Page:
Talk:Nāga

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Cleanup[edit]

Cleanup needing to be done:

  1. Fix the indexing sort key, which should have been done by Guanaco when the article was moved.
  2. Fix header capitalization.

Gene Nygaard 20:58, 19 September 2006 (UTC)

Done. —Guanaco 22:52, 19 September 2006 (UTC)


Questions[edit]

Question: (1 December 2006) Naga is the prevailing convention for the orthography, so why is Na-ga now used in this article? b9 hummingbird hovering (user).


Question: "They are especially popular in southern India where some believe that they brought fertility to their venerators". Who is "venerators"? Does it mean, that it brought fertility to their respectful ones? -by User talk:Slidersv

Contention[edit]

Naga is the Sanskrit term that these beings/entities are commonly known as in English...but klu (as evident in the [[Himalayan}} tradition and even the Rainbow Serpent of indigenous Australians show that these beings/entities are not the cultural property of the Hindu. —The preceding unsigned comment was added by B9 hummingbird hovering (talkcontribs) 03:57, 10 January 2007 (UTC).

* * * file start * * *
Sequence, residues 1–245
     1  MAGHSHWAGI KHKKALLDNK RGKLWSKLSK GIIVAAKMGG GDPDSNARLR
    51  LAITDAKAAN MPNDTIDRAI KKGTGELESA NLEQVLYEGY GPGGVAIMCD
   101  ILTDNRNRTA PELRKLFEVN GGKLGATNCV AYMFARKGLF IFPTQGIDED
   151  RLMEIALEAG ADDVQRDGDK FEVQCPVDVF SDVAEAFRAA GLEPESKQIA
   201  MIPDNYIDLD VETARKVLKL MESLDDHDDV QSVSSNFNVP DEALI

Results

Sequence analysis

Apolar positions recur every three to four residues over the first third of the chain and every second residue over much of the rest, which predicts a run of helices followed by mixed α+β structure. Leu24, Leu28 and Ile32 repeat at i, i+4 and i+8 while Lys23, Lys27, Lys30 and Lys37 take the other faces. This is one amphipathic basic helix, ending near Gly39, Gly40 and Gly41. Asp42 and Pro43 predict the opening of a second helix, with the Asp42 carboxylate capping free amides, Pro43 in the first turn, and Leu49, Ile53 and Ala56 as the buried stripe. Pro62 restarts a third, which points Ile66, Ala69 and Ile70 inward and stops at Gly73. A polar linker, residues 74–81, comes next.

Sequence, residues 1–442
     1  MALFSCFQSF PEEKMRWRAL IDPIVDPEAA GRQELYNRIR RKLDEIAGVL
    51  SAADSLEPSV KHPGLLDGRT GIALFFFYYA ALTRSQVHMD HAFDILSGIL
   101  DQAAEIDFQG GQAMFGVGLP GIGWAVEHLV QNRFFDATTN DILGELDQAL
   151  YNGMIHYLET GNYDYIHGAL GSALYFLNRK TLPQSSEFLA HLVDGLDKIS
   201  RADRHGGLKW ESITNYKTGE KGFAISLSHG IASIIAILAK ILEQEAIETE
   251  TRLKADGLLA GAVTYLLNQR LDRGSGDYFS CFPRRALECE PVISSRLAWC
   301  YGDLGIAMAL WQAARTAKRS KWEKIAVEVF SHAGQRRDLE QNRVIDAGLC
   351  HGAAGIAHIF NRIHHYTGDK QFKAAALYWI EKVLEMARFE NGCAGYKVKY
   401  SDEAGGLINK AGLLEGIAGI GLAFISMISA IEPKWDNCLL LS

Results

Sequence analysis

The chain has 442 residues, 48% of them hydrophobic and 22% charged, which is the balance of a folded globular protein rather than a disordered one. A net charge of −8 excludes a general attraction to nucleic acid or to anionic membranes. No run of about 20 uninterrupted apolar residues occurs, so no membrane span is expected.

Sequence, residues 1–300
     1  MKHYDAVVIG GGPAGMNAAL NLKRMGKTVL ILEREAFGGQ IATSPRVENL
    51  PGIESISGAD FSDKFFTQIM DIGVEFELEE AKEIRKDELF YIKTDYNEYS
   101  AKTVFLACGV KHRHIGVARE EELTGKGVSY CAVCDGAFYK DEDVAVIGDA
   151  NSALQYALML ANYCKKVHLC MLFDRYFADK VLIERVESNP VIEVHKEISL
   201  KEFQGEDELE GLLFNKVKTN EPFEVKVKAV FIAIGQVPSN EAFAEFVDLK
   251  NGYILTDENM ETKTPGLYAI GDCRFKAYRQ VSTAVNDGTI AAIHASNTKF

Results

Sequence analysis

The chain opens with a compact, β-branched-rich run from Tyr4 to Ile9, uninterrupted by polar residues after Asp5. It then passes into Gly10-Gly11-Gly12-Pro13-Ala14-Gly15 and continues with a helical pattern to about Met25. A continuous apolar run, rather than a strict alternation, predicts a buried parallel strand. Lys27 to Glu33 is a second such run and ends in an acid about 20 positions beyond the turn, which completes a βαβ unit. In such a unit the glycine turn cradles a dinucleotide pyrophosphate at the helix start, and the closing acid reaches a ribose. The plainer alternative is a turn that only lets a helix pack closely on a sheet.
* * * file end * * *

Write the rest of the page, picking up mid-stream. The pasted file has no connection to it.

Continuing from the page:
I'm not exactly sure what you're saying, but no, not all legendary snake-like beings are the cultural property of the Hindu, but not all legendary snake-like beings are naga, either. You might as well say that Garuda isn't a Hindu creature, since there are eagle-man kachinas in the North American southwest. Kotengu 小天狗 05:56, 10 January 2007 (UTC)

Is this article worth being on Wikipedia?[edit]

theres nothing helpful on this article so why shouldn't they either 1) edit the article or 2) merge it with naga or 3) delete it altogther!!!! 211.28.178.61 08:33, 8 March 2007 (UTC)

Are you certain you are talking about the right article? This is Nāga, Naga is a disambiguation page. --Stephan Schulz 10:49, 8 March 2007 (UTC)

This is an important article that requires more work. While history comes from recorded events, many social practices, beliefs and traditional festivals come from centuries-old folktales passed through word of mouth through generations. —Preceding unsigned comment added by 117.20.143.190 (talk) 09:36, 16 July 2009 (UTC)

Sarpa/Naga[edit]

Question: Why is there no clear differentation between Sarpa and Naga... Isnt Sarpa a serpent/snake and a Naga a Cobras... Arent these 2 distinct families within these reptiles, and more specifically in the Hindu scriptures ??? —Preceding unsigned comment added by 125.99.32.83 (talkcontribs)